In Dedman's view, "Most of what is out there is being pushed by a small number of lawyers interested only in their own aggrandizement." At Pinehurst Country Club, Dedman says, "the overwhelming majority of the members are very embarrassed about the lawsuit. That is typically the case."
In fact, though, more than 3,000 of Pinehurst's members (55%) have contributed to a Membership Defense Committee, raising more than $400,000 to cover the legal fees arising from their suit against ClubCorp. The crux of this debate centers on a 1980 consent decree that guarantees the members half of all tee times and puts a ceiling on dues increases, tying any increases to the cost-of-living index. ClubCorp contends that the consent decree applies only to those who were members when the decree was handed down, which would cover fewer than 1,000 people, since Pinehurst memberships are typically tied to home-sites and often transferred. Last month a North Carolina Superior Court agreed with the members' contention that transferred memberships should also be covered under the decree. ClubCorp filed its appeal at 8:30 the next morning.
"They don't go gently into the night," says David Bland, an attorney who has spent 10 years representing the Raintree Country Club of Charlotte in various judicial motions against ClubCorp. Raintree succeeded in forcing ClubCorp to give up its lease on the club and, as part of a settlement, pay a penalty for what amounted to trespassing, because ClubCorp had used some of the club's land to build a cellular phone tower without the blessing of the homeowners association. "Once they move onto your property, it takes an act of God or an act of Congress to get 'em out," Bland says.
Last year's Times article claimed that in the preceding two years 10% of ClubCorp's clubs had been involved in some sort of litigation with the parent company. Terry Taylor, ClubCorp's chief legal officer, calls that number inflated and says that about three clubs are now embroiled in any legal action. "The vast, vast majority of our members are thrilled with the service they are receiving," he says.
This may be true, but ClubCorp's aggressive stance in dealing with the dissidents seems to highlight whatever disputes may exist. Robert Dedman is unapologetic. "Just because we have a great reputation, people think that if they make a few grandiose statements we'll cave in and pay their blackmail," he says. "We can't afford to do that. We have had people go to obnoxious lengths to try to get a settlement. We have zero tolerance for that behavior. Our philosophy, to quote one of our former Presidents, is millions for defense but not one cent for tribute."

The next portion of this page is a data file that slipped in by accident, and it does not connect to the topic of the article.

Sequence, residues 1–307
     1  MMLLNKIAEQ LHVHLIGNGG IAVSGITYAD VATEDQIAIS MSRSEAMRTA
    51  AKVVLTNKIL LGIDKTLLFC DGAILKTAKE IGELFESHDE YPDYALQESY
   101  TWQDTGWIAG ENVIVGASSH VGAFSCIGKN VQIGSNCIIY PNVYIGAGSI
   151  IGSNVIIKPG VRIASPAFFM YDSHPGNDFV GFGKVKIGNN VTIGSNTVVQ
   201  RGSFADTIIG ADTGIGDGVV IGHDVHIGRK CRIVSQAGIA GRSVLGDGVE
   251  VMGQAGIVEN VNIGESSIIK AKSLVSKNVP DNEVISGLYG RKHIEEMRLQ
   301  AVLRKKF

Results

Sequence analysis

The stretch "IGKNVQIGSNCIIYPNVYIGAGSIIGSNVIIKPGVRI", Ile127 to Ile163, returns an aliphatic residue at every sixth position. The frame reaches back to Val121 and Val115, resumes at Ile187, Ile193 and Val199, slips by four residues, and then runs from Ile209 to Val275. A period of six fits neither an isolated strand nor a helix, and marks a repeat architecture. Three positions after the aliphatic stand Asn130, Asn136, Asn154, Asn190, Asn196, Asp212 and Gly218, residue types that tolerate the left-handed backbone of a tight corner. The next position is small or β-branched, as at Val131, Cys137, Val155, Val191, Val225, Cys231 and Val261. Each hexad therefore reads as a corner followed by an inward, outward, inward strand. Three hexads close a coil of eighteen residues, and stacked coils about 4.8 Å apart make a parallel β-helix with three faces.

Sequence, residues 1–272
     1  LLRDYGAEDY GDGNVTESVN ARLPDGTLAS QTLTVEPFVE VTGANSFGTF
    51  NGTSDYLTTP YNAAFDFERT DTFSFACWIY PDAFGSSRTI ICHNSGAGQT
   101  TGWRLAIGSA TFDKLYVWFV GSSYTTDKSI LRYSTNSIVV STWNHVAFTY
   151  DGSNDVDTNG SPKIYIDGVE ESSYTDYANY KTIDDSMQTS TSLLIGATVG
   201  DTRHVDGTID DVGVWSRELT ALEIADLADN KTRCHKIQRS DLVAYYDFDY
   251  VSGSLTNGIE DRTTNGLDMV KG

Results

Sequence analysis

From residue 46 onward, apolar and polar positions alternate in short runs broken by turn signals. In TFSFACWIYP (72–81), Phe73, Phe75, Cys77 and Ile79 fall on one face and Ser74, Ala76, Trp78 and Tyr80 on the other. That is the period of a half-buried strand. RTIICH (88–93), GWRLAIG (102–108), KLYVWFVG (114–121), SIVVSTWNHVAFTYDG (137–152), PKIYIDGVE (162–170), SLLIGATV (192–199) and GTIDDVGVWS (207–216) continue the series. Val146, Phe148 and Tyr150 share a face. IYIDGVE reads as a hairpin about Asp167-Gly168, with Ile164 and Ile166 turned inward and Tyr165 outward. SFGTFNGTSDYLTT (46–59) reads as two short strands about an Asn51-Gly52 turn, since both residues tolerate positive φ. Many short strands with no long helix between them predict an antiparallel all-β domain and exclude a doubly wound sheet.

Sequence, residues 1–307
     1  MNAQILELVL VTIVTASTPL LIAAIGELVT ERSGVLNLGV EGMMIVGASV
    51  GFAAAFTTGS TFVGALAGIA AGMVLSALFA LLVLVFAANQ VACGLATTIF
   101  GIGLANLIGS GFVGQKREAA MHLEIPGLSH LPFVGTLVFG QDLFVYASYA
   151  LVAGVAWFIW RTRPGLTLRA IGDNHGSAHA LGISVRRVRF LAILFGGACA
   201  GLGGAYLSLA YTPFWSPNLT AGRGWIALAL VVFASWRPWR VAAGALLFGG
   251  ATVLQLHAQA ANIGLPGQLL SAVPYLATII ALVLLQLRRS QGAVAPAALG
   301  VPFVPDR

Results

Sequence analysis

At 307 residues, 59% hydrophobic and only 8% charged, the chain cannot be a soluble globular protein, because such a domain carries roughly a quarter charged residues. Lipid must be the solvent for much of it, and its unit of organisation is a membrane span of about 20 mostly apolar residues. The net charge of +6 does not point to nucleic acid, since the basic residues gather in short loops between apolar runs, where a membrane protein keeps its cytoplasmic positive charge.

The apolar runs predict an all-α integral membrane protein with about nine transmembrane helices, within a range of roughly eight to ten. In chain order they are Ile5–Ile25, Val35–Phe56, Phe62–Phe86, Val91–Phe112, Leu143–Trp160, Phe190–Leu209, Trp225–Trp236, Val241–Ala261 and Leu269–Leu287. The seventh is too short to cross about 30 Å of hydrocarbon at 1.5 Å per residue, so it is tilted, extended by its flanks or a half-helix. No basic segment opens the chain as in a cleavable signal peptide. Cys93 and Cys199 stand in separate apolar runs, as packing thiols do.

Dedman is obviously referring to the Pine-wild case. When asked specifically about it he says, "What it came down to was that the guy pushing all that was a nut." That would be private detective William N. Graham, the self-styled Fat Man who has made a career out of his eccentricity, appearing on Late Night with David Letterman and 20/20, to say nothing of his starring role in the nightmares of various ClubCorp executives.
ClubCorp first bought an interest in Pinewild in 1987, but four years later was bought out by Tohato, and in the exchange ClubCorp got an annual fee to manage the club. According to the Journal, Tohato's reason for filing the lawsuit was because ClubCorp was using Pinewild for spillover play from Pinehurst without compensating the club, and that ClubCorp was mismanaging Pinewild in hopes of running it into the ground so that the club could be bought on the cheap. When Tohato hired Graham, things turned personal. He kept a photo of Dedman on his desk, telling the Journal, "I just want this guy nailed to the wall." In August 1997 Graham sent a fax-blast across the nation on Tohato letterhead detailing an alleged 33 "civil and criminal violations" that ClubCorp was supposedly engaged in, charges that were at the heart of Club-Corp's libel suit.
Soon reporters for The Times and the Journal started snooping around. "I have no respect for Graham as a human being," says Taylor, "but I will say he was effective at pushing his agenda." He admits to great personal satisfaction in sticking it to Graham and says, in what sounds like a boast, "I hear he's relocated to South America."
In fact, Graham is alive and well and working out of Seneca, S.C. Bound by the settlement's confidentiality agreement, he would not comment for this story except to say, "I've just been through the s—-storm of the century, and I'm lucky to have made it out alive."
The clouds above Pinewild, mean-while, have finally lifted. Tohato has brought in another management company, and life has returned to normal around the club. "It's like in The Wizard of Oz, when the Wicked Witch is finally killed," says Glynn, who recently played a round at Pinewild. "All the Munchkins are out celebrating."